Sacred spaces in the community

The Archbishop of Wales is encouraging churches to see the sacred in less obvious places as they engage in their communities.

Dr Barry Morgan is launching the Seven Sacred Spaces project at the National Assembly for Wales on Saturday.

The project identifies places like libraries, cafes, family breakfast clubs and even orchestras as examples of sacred spaces through which churches can reach into their communities.

The Seven Sacred Spaces project was inspired by a study into monastic life which concluded that there were seven things essential for any Christian community to flourish.  

The areas identified are:

  • Cell, a quiet place for pray or thinking, (perhaps in our home)
  • Chapel, a place to worship with others (this could be in a church or a parish coffee shop where a church service is held)
  • Chapter, a place where we meet and make decisions (such as the Assembly)
  • Cloister, a place of encounter where we meet others (a community shop or teenage cafe)
  • Garden, a place of labour and productivity (a community garden)
  • Library, a place of knowledge and study (a living faith group)
  • Refectory, a place to share and eat together (a family breakfast club)

Dr Morgan said, "I would like you to get involved in Seven Sacred Spaces because I believe it will enable us, both as parishes and diocese, to show that the church is engaged and working with others, and is relevant to the communities in which we live, and has something to offer today's society."

At the heart of the project is the understanding of Christians as part of a wider community where many life-enhancing elements are already in place.

"Most of us can usually point to failures and defects in our communities but we do not always appreciate the good things that occur," he said.

"Many of you will have your own examples of what inspires you from a church and community perspective, and you may have experienced instances of the church and community working in partnership already.

"Seven Sacred Spaces, of course, is a process and not an event and is something that we will need to visit again and again if it is to be something that will truly help us."

One example of a sacred space featured in the companion DVD is The Making Music Changing Lives project, featuring the Ely orchestra.  

It was launched by former professional musician and Ely vicar the Reverend Jan Gould, who was inspired to set up the project after encountering something similar in South America.  In the three years since its launch, it has grown from meeting one night a week to three.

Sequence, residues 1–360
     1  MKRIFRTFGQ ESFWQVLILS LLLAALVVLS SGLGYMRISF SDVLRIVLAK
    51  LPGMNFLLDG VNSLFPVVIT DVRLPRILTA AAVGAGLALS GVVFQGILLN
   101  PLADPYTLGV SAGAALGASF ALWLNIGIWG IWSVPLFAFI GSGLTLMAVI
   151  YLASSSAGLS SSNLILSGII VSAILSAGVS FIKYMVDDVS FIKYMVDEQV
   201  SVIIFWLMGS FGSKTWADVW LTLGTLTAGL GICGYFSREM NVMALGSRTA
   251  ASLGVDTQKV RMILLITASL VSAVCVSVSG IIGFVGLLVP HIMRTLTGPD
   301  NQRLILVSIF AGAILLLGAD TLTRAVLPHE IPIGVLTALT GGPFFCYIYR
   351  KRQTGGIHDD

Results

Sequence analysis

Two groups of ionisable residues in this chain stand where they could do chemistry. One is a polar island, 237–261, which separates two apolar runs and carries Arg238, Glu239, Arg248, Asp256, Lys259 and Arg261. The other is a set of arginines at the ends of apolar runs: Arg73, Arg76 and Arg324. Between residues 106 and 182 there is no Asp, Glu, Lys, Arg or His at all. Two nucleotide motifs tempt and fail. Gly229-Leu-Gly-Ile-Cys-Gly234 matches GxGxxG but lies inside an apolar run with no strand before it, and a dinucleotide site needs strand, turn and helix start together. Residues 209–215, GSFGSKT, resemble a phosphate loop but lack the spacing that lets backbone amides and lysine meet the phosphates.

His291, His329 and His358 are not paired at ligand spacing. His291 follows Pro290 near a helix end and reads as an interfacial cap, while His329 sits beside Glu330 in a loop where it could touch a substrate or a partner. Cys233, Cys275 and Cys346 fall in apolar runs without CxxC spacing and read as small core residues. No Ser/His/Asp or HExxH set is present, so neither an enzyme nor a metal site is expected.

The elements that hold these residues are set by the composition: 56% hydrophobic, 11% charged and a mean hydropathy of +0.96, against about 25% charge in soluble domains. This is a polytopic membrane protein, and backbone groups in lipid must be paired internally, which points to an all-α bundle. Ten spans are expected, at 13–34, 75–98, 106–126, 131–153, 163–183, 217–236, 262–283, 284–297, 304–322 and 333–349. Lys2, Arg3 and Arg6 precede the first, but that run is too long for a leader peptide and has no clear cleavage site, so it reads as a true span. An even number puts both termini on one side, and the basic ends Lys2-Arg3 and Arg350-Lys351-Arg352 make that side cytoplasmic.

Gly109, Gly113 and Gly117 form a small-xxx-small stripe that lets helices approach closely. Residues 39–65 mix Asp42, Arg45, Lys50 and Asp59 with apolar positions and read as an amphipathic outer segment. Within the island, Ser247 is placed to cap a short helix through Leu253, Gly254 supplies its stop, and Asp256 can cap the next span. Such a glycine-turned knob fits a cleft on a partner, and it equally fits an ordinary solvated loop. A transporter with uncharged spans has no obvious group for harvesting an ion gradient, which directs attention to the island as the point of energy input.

The Reverend Canon Richard Lowndes, lead officer for the diocese on Seven Sacred Spaces, said the Ely orchestra was the perfect example of the church using the gifts of the people within it to reach out and connect with the community in different ways.  

"Seven Sacred Spaces is about the church looking outwards rather than inwards," he said.

"Quite simply it translates the spaces used to form the ideal religious community into our own and any community setting.

"The cell and the chapel are places where we might prepare ourselves to go out into the community and then return to and the rest are all places where we go to while out in the community."

Another successful project highlighted on the DVD is the St Brides Major community library which was set up and run by volunteers after the mobile library service to the area was halted.

Other examples of sacred spaces include:

  • The Feel Good Factory (All Saints Church) at Penrhiwceiber , Mountain Ash, where a church building was redeveloped for shared use with the community and includes an altar on wheelsThe Toast family breakfast club at All Saints Church in Penarth
  • A wedding stall set up at a wedding fayre by a group of clergy and lay people from the Bridgend deanery
  • St Peter's Community Garden, Fairwater, Cardiff, developed by volunteers and young offenders
  • The Gigabites e-cafe in Bargoed, which provides space for teenagers

Canon Lowndes continued: "This is not about replicating any of these projects but it's about reflecting and recognising the gifts that we have within our church and how they may be best used to connect more widely in the community."